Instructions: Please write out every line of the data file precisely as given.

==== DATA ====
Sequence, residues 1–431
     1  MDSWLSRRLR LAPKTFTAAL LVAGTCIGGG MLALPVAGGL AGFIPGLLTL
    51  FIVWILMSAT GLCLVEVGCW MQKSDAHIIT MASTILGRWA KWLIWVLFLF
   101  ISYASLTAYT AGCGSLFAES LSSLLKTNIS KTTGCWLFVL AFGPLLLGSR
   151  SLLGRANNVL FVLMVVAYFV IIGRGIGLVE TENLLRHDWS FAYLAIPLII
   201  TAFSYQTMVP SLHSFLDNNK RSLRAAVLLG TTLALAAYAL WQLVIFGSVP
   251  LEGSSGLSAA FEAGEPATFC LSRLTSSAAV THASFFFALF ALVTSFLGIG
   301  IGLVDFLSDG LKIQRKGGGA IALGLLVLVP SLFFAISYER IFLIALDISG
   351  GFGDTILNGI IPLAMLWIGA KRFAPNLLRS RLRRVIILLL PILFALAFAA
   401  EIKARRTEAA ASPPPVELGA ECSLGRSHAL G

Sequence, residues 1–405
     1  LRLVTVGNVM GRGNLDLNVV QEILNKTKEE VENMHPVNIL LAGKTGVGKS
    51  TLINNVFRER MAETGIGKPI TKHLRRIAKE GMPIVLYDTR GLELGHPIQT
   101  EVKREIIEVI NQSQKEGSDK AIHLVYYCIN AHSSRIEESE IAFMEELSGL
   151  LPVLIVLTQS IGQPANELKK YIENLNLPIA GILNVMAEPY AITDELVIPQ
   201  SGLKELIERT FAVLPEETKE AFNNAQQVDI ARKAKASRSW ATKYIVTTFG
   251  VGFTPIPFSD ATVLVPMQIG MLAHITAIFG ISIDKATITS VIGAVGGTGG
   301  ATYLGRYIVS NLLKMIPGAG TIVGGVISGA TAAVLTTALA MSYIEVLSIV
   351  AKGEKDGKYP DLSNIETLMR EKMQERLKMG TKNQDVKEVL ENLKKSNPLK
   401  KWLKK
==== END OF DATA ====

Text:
Sequence, residues 1–431
     1  MDSWLSRRLR LAPKTFTAAL LVAGTCIGGG MLALPVAGGL AGFIPGLLTL
    51  FIVWILMSAT GLCLVEVGCW MQKSDAHIIT MASTILGRWA KWLIWVLFLF
   101  ISYASLTAYT AGCGSLFAES LSSLLKTNIS KTTGCWLFVL AFGPLLLGSR
   151  SLLGRANNVL FVLMVVAYFV IIGRGIGLVE TENLLRHDWS FAYLAIPLII
   201  TAFSYQTMVP SLHSFLDNNK RSLRAAVLLG TTLALAAYAL WQLVIFGSVP
   251  LEGSSGLSAA FEAGEPATFC LSRLTSSAAV THASFFFALF ALVTSFLGIG
   301  IGLVDFLSDG LKIQRKGGGA IALGLLVLVP SLFFAISYER IFLIALDISG
   351  GFGDTILNGI IPLAMLWIGA KRFAPNLLRS RLRRVIILLL PILFALAFAA
   401  EIKARRTEAA ASPPPVELGA ECSLGRSHAL G

Sequence, residues 1–405
     1  LRLVTVGNVM GRGNLDLNVV QEILNKTKEE VENMHPVNIL LAGKTGVGKS
    51  TLINNVFRER MAETGIGKPI TKHLRRIAKE GMPIVLYDTR GLELGHPIQT
   101  EVKREIIEVI NQSQKEGSDK AIHLVYYCIN AHSSRIEESE IAFMEELSGL
   151  LPVLIVLTQS IGQPANELKK YIENLNLPIA GILNVMAEPY AITDELVIPQ
   201  SGLKELIERT FAVLPEETKE AFNNAQQVDI ARKAKASRSW ATKYIVTTFG
   251  VGFTPIPFSD ATVLVPMQIG MLAHITAIFG ISIDKATITS VIGAVGGTGG
   301  ATYLGRYIVS NLLKMIPGAG TIVGGVISGA TAAVLTTALA MSYIEVLSIV
   351  AKGEKDGKYP DLSNIETLMR EKMQERLKMG TKNQDVKEVL ENLKKSNPLK
   401  KWLKK